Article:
Meanwhile, the 1% will just complain that the stock market is being irrational. But they will be hunkered down and won’t attend anything because they will figure out that many of them are in the age group with the high mortality rate. This could be a very interesting election season as the older politicians choose between campaigning or staying alive.

      Reply
      1. Anymouse

        Well then! If I can get say, a 1% mortgage, I might just buy the house next door after the price drops substantially.

        Wouldn’t that kick start the economy?

        Reply
        1. Kurtismayfield

          The problem is that your monthly us going to rise, as the homeowner will ask for more for the house. It is becoming increasingly apparent that the value of your home is directly related to the monthly payment someone can afford.

          Reply
        2. rd

          Mortgage rates right now are like gas prices. They are not dropping as fast as the 10-yr bond yield. It will likely take a couple of months of low bond yields and for the application tsunami to clear through before there is equilibrium.

          Reply
      2. Tony Wright

        The three Presidential possibilities are all pretty ancient. So the choice of ( hopefully much younger) running mates may be much more important than usual.

        Reply
  3. flora

    Neoliberalism ideology itself – its confidence in free markets as the most-efficient allocation of resources, its emphasis on minimal state intervention in economic and social affairs – will come under increasing attack as a failed ideology in the face of this pandemic.

    Reply
    1. Susan the other

      We’ve come far enough to know what Biden didn’t know when he made bankruptcy a non-option, may he rot in hell. We now know beyond a doubt that interest can only be logically and morally expected when the economy is operating normally and wages as well as asset values are going up. Interest can only be expected to be paid in circumstances similar to those when the contract was signed. If things go south to zero, then the interest rate that is legally obligated should go to zero as well. That’s just a no brainer.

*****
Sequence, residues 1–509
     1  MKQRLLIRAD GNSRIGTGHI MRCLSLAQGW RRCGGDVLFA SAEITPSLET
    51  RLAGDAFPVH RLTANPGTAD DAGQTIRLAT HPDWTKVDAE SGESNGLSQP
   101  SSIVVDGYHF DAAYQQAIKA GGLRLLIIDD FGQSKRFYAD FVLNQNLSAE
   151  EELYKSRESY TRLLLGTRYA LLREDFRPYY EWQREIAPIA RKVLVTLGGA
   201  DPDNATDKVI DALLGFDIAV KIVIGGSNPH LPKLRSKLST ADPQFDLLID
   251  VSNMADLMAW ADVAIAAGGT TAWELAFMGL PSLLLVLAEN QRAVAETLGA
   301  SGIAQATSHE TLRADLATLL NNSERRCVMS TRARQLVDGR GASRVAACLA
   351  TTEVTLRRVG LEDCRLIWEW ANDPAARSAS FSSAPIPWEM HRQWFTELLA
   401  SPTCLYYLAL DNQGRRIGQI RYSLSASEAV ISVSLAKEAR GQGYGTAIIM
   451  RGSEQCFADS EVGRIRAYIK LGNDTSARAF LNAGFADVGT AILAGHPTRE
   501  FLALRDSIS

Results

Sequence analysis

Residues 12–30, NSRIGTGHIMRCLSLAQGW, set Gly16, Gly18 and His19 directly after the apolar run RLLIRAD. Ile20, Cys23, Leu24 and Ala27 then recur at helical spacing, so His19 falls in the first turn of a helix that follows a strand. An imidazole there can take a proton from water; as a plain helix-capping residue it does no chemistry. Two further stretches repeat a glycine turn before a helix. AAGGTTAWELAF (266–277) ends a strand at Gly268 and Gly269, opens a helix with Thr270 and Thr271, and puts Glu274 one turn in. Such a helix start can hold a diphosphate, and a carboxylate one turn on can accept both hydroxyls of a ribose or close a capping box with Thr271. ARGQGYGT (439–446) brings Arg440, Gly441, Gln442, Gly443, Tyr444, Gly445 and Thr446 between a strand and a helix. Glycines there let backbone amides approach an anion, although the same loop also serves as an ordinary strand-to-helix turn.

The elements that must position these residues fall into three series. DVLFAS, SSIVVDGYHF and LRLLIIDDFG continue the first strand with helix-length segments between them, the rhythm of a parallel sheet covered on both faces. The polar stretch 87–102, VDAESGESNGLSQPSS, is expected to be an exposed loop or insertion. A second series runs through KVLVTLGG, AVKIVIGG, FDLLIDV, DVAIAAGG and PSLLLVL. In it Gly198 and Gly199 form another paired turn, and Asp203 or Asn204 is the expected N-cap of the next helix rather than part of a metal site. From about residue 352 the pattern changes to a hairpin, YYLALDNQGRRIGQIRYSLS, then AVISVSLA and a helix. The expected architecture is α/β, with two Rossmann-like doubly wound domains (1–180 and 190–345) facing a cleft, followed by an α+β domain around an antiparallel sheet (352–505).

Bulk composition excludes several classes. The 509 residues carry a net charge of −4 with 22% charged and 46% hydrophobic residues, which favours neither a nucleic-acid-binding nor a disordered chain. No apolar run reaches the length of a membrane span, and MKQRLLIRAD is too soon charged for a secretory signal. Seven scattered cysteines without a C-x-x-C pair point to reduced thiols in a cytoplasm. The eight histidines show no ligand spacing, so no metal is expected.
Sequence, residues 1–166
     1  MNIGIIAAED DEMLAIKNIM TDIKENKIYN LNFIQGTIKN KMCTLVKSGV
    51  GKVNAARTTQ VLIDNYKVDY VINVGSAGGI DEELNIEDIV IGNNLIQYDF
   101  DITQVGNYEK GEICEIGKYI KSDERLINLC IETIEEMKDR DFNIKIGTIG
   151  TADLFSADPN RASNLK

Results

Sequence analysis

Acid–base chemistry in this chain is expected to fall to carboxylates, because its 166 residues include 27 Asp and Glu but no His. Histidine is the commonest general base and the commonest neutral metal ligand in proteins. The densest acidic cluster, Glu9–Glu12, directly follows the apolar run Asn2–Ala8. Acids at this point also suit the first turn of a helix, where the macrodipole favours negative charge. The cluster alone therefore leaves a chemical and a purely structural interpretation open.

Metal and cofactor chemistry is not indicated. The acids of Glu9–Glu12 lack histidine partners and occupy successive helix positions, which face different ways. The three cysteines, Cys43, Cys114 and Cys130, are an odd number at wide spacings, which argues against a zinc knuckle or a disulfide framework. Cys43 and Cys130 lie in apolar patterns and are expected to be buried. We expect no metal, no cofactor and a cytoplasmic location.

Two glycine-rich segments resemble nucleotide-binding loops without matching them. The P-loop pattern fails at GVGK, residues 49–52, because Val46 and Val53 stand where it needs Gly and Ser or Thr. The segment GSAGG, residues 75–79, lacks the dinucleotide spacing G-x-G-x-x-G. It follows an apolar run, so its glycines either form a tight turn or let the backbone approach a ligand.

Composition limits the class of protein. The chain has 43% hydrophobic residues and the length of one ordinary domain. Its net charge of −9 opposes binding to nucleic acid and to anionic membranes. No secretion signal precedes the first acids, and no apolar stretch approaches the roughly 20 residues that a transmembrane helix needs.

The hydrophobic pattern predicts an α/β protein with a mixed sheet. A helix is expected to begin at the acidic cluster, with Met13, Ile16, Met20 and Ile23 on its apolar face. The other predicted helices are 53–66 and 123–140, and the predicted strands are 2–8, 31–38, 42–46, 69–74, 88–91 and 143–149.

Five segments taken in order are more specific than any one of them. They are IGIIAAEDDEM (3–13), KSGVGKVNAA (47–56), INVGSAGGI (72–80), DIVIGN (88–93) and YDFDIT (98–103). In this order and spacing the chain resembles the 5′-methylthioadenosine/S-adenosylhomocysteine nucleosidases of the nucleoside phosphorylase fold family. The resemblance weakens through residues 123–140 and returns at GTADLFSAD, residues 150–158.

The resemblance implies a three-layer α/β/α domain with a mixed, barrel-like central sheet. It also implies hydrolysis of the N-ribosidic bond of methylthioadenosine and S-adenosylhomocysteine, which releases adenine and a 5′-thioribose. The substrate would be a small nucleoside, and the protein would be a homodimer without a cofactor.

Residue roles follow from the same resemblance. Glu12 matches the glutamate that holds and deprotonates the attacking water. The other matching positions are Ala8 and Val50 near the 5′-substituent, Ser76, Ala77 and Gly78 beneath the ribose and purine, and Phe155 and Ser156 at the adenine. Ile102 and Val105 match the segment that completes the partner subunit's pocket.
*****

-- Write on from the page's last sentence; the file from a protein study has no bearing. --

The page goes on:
Reply
      1. flora

        Yes to all your points. My larger rhetorical question is this:
        Should the govt mostly concern itself with protecting the health of the Market (neoliberal ideology) or with protecting its citizens health (sane ideology)? In this event the neoliberal ideology has utterly discredited itself.

        Reply
        1. Ian Ollmann

          We will see what it can do. The powers that be have been doing their best to maim government for decades. First by starving it, then by deregulating it, and lately by picking the most incompetent boobs they can find to run it. All the smartest people go into science or finance or law and medicine, not government. I’m naively sentimental in that I think there is still a big place for good government in our country, and that a chunk of the dysfunction in society is directly attributable to a loss in patriotism because the country isn’t doing much for its citizens these days. However, I wonder what it would take to get a high functioning government again, if we ever had one. It might take decades.

          Reply
  4. jefemt

    As a leveraged rental property owner, if I extend free rent to my tenants for three months, I am no longer the owner/ landlord. Paradoxically, our two kids are the occupant tenants. My Big-shooter idea of a slow build to intergenerational wealth.

    No Soup For You!!

    This will cascade back to banks.

    They hold the marbles, I can’t imagine that they want to be landlords.

    So, do they put the non-performing foreclosure property on their books, and sell into the flooding market, or do they do a workout, let everyone stay. This ain’t a Jimmy Stewart/ Capra movie or era…

    OR, will those folks who have the post-2008 bailout/ fractional reserve banking / stock market and other investment-generated wealth swoop in and yet garner even MORE assets?

    I’m betting on the latter. More wealth aggregation, more folks on the street.

    Biden and Trump will support cronies and that scenario.
    Warren and Bernie most assuredly will not.

    The Covid-19 couldn’t have happened at a better time to perhaps get us out of our Dancing with the Master Chefs stupor.

    Supreme Irony that the double-edged Chinese ‘wish’ of “Living in Interesting Times” came from the manufacturer of our era, China.

    Reply
    1. eg

      Don’t let your own local oligarchs off the hook as “manufacturers of our era” — those US industries didn’t ship themselves across the Pacific, eh?

      Reply
    2. John Zelnicker

      @jefemt
      March 4, 2020 at 11:08 am
      ——-

      So, like the tenants and homeowners, you should also get a three-month (or more) deferral of payments. I don’t understand why Murphy did not include small property owners like you. I have a feeling he was thinking of Blackstone and the other hedgies who own so much rental property. They surely don’t need any help.

      Reply
    3. Dwight

      Murphy also proposes that loans be automatically extended for three months. Would that solve your problem, jefemt?

      Reply
    4. Shiloh1

      Agreed.

      Yves, do the landlords get to skip their semi-annual property tax payment to .Local Gov? Crook County ILL will not like.Think of the government pensions for gosh sakes!

      Reply
      1. Trent

        And this is why they keep printing endlessly, the system as is can not even have a smallest bit of deflation.